Despite brisk sales of trucks and utility vehicles, the fuel economy of new vehicles purchased by American cars sales continued to climb in May when the seasonally adjusted annual rate of sales reach 16.77 million units, according to a new study by the University of Michigan.
The average fuel economy of new vehicles sold in the U.S. in May was 25.6 mpg — up 0.4 mpg from the value for April. Gasoline prices have been relatively stable during the last year – averaging around $3.64 per gallon – but are still relatively high by historical standards, according to GasBuddy.com.
Figures from Gas Buddy show that gasoline prices vary from state to state. The highest prices are currently found in California where prices have once again topped $4 per gallon. The price of diesel fuel is also relatively stable across the United States. Diesel fuel is about 30 cents more per gallon in most places around the United States, except in California where it is only 10 cents per gallon higher, the U.S. Energy Information Administration reports.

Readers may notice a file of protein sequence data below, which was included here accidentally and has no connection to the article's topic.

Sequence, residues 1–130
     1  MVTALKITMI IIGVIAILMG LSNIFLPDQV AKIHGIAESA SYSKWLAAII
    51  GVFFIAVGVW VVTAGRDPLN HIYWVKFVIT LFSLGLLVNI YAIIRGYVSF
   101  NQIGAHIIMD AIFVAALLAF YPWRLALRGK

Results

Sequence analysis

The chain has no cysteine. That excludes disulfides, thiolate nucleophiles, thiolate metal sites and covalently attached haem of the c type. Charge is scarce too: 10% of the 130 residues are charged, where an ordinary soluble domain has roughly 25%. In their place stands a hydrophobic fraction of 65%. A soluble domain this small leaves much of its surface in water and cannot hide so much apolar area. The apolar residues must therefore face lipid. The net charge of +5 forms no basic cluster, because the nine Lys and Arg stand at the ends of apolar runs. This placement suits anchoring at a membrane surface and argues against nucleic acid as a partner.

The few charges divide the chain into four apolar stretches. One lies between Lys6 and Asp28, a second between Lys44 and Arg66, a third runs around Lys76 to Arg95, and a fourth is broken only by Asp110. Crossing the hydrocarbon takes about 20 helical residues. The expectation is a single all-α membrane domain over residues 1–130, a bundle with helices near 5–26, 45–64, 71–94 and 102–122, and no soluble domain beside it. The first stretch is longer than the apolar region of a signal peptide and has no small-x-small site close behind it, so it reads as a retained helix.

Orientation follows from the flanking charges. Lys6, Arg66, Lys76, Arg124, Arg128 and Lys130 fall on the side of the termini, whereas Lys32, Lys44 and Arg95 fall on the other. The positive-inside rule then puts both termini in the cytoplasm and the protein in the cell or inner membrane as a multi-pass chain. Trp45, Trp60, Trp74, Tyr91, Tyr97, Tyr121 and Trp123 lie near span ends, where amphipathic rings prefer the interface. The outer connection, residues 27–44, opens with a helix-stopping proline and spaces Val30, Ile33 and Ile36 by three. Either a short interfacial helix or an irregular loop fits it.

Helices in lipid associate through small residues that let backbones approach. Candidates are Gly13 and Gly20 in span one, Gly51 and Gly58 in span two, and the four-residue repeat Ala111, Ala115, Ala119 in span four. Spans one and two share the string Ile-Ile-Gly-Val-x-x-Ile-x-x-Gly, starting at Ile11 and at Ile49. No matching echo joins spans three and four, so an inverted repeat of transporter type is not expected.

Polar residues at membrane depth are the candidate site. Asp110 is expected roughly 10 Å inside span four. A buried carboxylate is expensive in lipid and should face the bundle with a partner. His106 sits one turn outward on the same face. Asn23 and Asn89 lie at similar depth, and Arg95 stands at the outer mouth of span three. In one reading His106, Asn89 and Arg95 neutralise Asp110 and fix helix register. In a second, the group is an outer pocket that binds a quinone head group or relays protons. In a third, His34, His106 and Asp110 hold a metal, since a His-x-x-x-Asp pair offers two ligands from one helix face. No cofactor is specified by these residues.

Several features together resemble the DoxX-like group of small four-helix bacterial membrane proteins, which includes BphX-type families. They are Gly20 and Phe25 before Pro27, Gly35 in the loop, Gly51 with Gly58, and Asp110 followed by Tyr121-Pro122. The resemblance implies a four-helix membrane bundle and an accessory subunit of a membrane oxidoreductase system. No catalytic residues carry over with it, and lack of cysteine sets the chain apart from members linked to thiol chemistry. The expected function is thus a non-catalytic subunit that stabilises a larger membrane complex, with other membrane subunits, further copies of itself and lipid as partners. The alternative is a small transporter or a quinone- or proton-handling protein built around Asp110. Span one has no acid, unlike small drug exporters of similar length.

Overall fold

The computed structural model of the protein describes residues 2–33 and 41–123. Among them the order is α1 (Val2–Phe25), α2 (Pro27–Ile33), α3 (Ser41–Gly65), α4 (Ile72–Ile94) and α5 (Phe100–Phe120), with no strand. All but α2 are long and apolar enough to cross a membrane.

Overall, vehicle fuel economy is up 5.5 mpg since October 2007, U-M analysts said.
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The average sales-weighted fuel economy was calculated from the monthly sales of individual models of all light-duty vehicles and the combined city/highway fuel-economy ratings published in the “EPA Fuel Economy Guide” for different models.
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For very low sales-volume manufacturers such as Ferrari and Rolls Royce, all vehicle models for that manufacturer were aggregated and one average fuel-economy rating was calculated. Analogously, the sales figures for such manufacturers and models were also aggregated each month.
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In addition, the separate U-M Eco-Driving Index estimates the average monthy emissions of greenhouse gases generated by an individual U.S. driver — stood at 0.78 in March (the lower the value the better). This value indicates that the average new-vehicle buyer produced 22 percent lower emissions in March than in October 2007.